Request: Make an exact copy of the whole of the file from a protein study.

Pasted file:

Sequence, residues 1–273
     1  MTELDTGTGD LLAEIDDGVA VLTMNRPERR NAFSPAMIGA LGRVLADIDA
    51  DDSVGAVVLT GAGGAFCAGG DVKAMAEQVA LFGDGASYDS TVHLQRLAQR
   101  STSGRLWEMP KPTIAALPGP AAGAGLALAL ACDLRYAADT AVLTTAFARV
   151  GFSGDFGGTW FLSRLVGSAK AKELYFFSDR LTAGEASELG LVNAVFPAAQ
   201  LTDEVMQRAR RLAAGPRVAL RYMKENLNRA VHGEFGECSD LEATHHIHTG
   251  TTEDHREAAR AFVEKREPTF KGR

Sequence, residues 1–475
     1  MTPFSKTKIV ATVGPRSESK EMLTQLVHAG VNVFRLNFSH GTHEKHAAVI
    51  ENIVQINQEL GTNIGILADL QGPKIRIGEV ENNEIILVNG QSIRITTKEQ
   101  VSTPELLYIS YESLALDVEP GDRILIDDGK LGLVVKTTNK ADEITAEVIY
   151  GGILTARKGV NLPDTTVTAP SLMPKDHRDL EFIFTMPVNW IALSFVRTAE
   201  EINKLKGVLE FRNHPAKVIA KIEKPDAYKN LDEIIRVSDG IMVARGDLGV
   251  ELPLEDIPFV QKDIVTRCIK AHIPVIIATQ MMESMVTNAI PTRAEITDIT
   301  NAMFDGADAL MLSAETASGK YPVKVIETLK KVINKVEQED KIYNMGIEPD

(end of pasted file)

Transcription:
Sequence, residues 1–273
     1  MTELDTGTGD LLAEIDDGVA VLTMNRPERR NAFSPAMIGA LGRVLADIDA
    51  DDSVGAVVLT GAGGAFCAGG DVKAMAEQVA LFGDGASYDS TVHLQRLAQR
   101  STSGRLWEMP KPTIAALPGP AAGAGLALAL ACDLRYAADT AVLTTAFARV
   151  GFSGDFGGTW FLSRLVGSAK AKELYFFSDR LTAGEASELG LVNAVFPAAQ
   201  LTDEVMQRAR RLAAGPRVAL RYMKENLNRA VHGEFGECSD LEATHHIHTG
   251  TTEDHREAAR AFVEKREPTF KGR

Sequence, residues 1–475
     1  MTPFSKTKIV ATVGPRSESK EMLTQLVHAG VNVFRLNFSH GTHEKHAAVI
    51  ENIVQINQEL GTNIGILADL QGPKIRIGEV ENNEIILVNG QSIRITTKEQ
   101  VSTPELLYIS YESLALDVEP GDRILIDDGK LGLVVKTTNK ADEITAEVIY
   151  GGILTARKGV NLPDTTVTAP SLMPKDHRDL EFIFTMPVNW IALSFVRTAE
   201  EINKLKGVLE FRNHPAKVIA KIEKPDAYKN LDEIIRVSDG IMVARGDLGV
   251  ELPLEDIPFV QKDIVTRCIK AHIPVIIATQ MMESMVTNAI PTRAEITDIT
   301  NAMFDGADAL MLSAETASGK YPVKVIETLK KVINKVEQED KIYNMGIEPD